Fiona: Do you remember the first book you read?

C.S. Woolley: I have no idea what it was, but I can remember the first book I read that I spent all night reading. I was about 9 and had bought Horse and Pony magazine. It came with a free book, Winning by Ginny Elliot. I started reading it straight after school and didn’t go to sleep. I finished it just before I had to go to school the next morning.



Fiona: What makes you laugh/cry?

C.S. Woolley: I love laughing, it’s so infectious! I laugh at terrible puns, bad jokes, people doing stupid things; my best friend and the TV shows Mock the Week and Would I Lie to You have me in stitches. I cry at movies and TV shows, really easily, anything that is meant to be even remotely sad in them makes me cry – even if I don’t think it’s particularly sad.



Fiona: Is there one person pass or present you would meet and why?

C.S. Woolley: I would love to meet Joss Whedon and James Gunn. I think they’re both incredibly talented writers and directors and would love to just chat to them.




Fiona: What do you want written on your head stone and why?

C.S. Woolley: “Rumors of my death have been grossly exaggerated” something to bring a smile to people’s faces.




Fiona: Other than writing do you have any hobbies?

C.S. Woolley: Excluding reading – I am a massive gaming geek, so I spend hours playing on my consoles, handhelds and PC. I really like sport too. Watching cricket and rugby are up there with gaming, though I am definitely much more of a cricket fan than a rugby fan. I was ill the other day and slept for nearly 24 hours. I only woke up because of a phone call and my first thought was “I missed the cricket!” I’m a member of Nottinghamshire County Cricket Club, so I get to quite a lot of games at Trent Bridge and try to go to at least 1 England fixture a year. I also love horse riding, swimming, tennis, walking, painting and martial arts.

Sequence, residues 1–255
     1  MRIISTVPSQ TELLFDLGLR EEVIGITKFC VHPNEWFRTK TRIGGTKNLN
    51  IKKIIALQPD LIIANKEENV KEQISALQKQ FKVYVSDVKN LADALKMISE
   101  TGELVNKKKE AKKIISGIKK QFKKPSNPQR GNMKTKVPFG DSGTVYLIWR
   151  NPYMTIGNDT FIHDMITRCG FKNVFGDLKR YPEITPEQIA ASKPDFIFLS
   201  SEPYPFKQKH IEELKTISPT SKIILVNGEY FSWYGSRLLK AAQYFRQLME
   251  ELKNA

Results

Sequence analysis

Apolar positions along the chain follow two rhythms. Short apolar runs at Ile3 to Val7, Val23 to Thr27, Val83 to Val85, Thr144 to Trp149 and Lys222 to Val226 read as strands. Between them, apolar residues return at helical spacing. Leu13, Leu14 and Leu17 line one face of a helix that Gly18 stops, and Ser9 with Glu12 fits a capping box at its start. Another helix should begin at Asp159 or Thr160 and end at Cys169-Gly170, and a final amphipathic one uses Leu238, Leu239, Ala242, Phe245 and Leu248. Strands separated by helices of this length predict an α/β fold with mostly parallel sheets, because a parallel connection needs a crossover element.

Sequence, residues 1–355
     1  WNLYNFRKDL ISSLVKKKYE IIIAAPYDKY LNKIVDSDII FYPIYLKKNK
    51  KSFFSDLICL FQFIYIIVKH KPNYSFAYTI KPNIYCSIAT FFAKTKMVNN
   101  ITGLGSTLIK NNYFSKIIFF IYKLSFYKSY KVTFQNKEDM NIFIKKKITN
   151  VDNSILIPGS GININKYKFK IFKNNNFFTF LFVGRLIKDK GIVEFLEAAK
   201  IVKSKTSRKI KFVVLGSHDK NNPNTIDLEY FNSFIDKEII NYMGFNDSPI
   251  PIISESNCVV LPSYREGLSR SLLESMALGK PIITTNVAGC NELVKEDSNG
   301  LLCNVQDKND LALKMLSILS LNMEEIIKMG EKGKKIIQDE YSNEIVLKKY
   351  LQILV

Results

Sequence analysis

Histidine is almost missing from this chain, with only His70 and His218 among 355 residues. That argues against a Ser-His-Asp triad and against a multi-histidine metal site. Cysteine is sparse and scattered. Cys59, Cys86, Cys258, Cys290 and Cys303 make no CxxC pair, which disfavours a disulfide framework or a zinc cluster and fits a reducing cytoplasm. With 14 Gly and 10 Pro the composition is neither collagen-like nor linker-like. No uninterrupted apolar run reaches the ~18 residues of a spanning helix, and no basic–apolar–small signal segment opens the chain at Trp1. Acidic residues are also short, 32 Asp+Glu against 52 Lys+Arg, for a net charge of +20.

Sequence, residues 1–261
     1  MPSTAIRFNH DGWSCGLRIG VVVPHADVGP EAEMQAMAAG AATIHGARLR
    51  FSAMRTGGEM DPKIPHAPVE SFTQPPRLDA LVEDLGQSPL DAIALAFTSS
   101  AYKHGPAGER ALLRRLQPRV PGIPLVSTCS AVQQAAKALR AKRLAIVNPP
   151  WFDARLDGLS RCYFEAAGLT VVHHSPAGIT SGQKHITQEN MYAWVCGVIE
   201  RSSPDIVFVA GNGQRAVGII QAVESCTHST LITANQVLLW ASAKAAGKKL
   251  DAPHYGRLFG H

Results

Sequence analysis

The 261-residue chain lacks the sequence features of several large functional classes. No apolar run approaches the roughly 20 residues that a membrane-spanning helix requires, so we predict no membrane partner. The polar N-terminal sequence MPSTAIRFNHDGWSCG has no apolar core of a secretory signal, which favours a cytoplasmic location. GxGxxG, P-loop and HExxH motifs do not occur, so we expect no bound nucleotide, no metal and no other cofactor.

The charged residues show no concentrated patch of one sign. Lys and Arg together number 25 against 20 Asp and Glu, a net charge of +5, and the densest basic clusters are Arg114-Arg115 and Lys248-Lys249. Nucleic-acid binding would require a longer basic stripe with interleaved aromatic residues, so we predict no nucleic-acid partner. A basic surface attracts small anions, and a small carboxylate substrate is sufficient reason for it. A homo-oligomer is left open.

Fiona: What TV shows/films do you enjoy watching?

C.S. Woolley: I have pretty broad tastes. I like anime and cartoons as well as period dramas, Shakespeare, Numb3rs, Blue Bloods, NCIS, the Walking Dead, Constantine, Arrow, Flash, Prison Break, 24, Have I Got News For You, Would I Lie to You, Mock the Week, Red Dwarf, Porridge, Yes Minister, Firefly – this will end up being a really long list if I go on any further.




Fiona: Favorite foods / Colors/ Music

C.S. Woolley: Red and green are my favorite colors, though I do like blue and purple in clothes. I love rock music from the 1960s, 70s and 80s and boy bands from the 1990s, like my movie and TV taste, it’s pretty varied. My favorite foods are a lot more restricted – Steak, Chips, Bacon, Mangoes and Cauliflower Cheese are my top five foods.



Fiona: If you were not a writer what else would you like to have done?

C.S. Woolley: When I was really little, before I could write, I used to tell people I was going to grow up to be a doctor in the morning, a mummy in the afternoon and a ballerina in the evening. So I probably would have done that if I hadn’t started writing.



Fiona: Do you have a blog/website? If so what is it?

C.S. Woolley: My website is, there is a blog that I sometimes post to on the website. I do have my own blog, but I rarely update it. I used to have a few blogs for Nicolette Mace, but a few people tried to steal the blog posts and publish them as their own work, so I don’t do them anymore.